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Re: ECC and Patent Policy

From: Thomas Roessler <tlr@w3.org>
Date: Tue, 31 Aug 2010 09:58:57 +0200
Cc: Thomas Roessler <tlr@w3.org>, Rigo Wenning <rigo@w3.org>, public-xmlsec@w3.org
Message-Id: <74C1B00F-1651-4883-B90E-845F9F07A99D@w3.org>
To: Hal Lockhart <hal.lockhart@oracle.com>

we're reviewing a few things within the staff.  I hope to get back to you within a week or two -- at the XML summer school next week.

Thomas Roessler, W3C  <tlr@w3.org>  (@roessler)

On 28 Aug 2010, at 22:54, Hal Lockhart wrote:

> I agree that the most desirable outcome would be to allow implementation on a RF (or better yet, non-assert basis).
> I also believe including some forms of ECC is an urgent requirement.
> I believe there are three, not two options:
> 1. The proposed path: specify ECC, but only as informative.
> 2. Leave ECC entirely.
> 3. Form a PAG.
> Oracle considers #2 unacceptable.
> The reason for doing #1 was to avoid the constraint on essential claims as defined by the Patent Policy. However, we now know that the Patent Policy definition of essential claims does not cover ECC as referenced in the specs in question. Therefore, we see no purpose in doing #1.
> Oracle supports investigating the formation of a PAG.
> I recommend leaving the drafts in their current form, i.e. with ECC as normative.
> Hal
>> -----Original Message-----
>> From: Rigo Wenning [mailto:rigo@w3.org]
>> Sent: Friday, August 27, 2010 6:02 AM
>> To: Hal Lockhart
>> Cc: public-xmlsec@w3.org
>> Subject: Re: ECC and Patent Policy
>> Hi Hal, 
>> this point was already taken up by the PSIG and led to the 
>> Patent Policy FAQ 
>> entry:
>> http://www.w3.org/2003/12/22-pp-faq.html#outside-normative-ref
>> 32. Can a W3C Recommendation normatively refer to technology 
>> developed outside 
>> W3C with licensing terms that differ from those of the W3C 
>> Patent Policy?
>> Yes. W3C Recommendations may include normative references to 
>> standards or 
>> technologies developed outside of W3C. However, the Working 
>> Group should keep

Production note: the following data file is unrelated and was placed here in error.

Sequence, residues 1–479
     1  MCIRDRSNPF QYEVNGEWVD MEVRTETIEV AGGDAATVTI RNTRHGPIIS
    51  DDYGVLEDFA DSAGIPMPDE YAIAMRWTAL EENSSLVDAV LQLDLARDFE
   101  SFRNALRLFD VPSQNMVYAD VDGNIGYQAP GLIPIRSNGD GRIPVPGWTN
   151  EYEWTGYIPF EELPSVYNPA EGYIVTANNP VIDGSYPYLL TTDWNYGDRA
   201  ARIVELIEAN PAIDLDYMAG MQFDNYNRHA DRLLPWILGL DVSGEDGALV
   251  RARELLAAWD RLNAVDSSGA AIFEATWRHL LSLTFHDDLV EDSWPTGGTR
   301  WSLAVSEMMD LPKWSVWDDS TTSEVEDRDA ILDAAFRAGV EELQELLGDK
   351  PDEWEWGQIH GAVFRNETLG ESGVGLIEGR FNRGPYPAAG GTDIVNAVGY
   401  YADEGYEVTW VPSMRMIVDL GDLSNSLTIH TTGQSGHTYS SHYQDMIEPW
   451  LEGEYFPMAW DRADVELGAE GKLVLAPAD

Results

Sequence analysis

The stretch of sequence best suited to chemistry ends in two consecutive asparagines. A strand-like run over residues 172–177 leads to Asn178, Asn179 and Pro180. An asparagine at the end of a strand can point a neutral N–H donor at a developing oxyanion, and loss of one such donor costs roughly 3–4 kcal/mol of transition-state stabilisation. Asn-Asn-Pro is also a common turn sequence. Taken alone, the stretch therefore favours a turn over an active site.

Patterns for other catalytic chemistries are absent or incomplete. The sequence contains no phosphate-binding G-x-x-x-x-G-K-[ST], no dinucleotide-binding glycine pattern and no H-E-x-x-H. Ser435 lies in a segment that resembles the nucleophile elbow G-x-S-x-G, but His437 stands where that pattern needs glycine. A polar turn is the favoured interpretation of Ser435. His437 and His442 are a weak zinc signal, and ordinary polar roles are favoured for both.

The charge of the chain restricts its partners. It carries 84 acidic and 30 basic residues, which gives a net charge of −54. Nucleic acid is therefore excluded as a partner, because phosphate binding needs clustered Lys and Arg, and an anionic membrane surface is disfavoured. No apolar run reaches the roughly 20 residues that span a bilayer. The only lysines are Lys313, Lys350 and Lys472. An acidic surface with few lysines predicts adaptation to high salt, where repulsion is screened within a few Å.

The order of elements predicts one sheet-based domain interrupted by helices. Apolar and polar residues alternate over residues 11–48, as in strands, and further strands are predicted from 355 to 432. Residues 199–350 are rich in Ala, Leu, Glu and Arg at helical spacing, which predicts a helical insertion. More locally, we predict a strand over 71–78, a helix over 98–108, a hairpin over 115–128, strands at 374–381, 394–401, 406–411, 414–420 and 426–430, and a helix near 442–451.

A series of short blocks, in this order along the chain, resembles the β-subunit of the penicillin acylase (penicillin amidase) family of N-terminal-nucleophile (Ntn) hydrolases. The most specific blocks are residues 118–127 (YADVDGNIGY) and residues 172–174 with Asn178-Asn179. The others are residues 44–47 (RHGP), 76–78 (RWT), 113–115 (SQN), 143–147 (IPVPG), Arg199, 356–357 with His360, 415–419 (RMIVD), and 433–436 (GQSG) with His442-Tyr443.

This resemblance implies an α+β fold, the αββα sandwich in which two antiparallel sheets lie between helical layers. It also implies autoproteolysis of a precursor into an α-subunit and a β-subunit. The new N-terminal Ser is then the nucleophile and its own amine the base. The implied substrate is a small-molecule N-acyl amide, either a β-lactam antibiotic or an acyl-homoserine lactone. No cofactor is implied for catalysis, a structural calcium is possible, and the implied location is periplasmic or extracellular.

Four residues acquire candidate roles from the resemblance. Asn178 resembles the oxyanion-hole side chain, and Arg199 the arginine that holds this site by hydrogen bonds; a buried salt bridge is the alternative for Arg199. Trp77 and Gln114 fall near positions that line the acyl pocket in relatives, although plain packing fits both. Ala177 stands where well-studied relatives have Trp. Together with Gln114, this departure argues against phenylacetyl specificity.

>> in mind the importance of royalty-free implementations of Web 
>> standards. In 
>> the event it becomes clear that the licensing status of those 
>> externally-
>> developed technologies could become a barrier to 
>> implementation of the 
>> technology according to the W3C Royalty-Free (RF) Licensing 
>> Requirements, W3C 
>> may choose not to publish the document or may launch a PAG.
>> As I said in our private conversation before you've sent your 
>> idea to the 
>> list, your interpretation opens an option. The Patent Policy 
>> is full of holes 
>> where people can try to escape the RF goals. But we have to 
>> respect the 
>> overall RF goal when searching the meaning of the words of 
>> the patent policy. 
>> With words taken absolute and in isolation, one can justify 
>> everything out of 
>> a given text, provided the text is long enough.
>> The conclusion line that you found was introduced to help 
>> with the referencing 
>> of standards from organizations with a different licensing 
>> scheme, e.g. ISO 
>> with a RAND policy, but where there is nothing known about 
>> encumbrance. 
>> In our case, we know about the encumbrance. Even if it would 
>> be a mere 
>> reference, it would import an known encumbrance into the XML 
>> Signature 
>> specification. The Group has decided that this is 
>> unacceptable and tries to 
>> resolve the issue with all options on the table. We tried to convince 
>> RIM/Certicom to provide RF and failed. Remaining options are 
>> to trigger a PAG, 
>> or to leave ECC out.
>> Best, 
>> Rigo
>> On Thursday 26 August 2010 16:07:21 Hal Lockhart wrote:
>>> It was pointed out to me that the W3C Patent Policy, 
>> Section 8.2 says:
>>> ----
>>> "The following are expressly excluded from and shall not be 
>> deemed to
>>> constitute Essential Claims:"
>>> [...]
>>> "2. claims which would be infringed only by:"
>>> [...]
>>> "o the implementation of technology developed elsewhere and merely
>>> incorporated by reference in the body of the Recommendation." ----
>>> It seems to me that this is exactly the case in signature 
>> and encryption
>>> 1.1. The actual use of ECDSA is specified in a NIST standard, which
>>> appears as a normative reference in the W3C documents.
>>> I actually do not understand why this exclusion exists, but 
>> it appears to
>>> me that the specification as written is compliant with the 
>> W3C Patent
>>> Policy, regardless of what Certicom does.
>>> Was the W3C trying to achieve something more than 
>> compliance with the
>>> Patent Policy?
>>> Hal
Received on Tuesday, 31 August 2010 07:59:00 UTC

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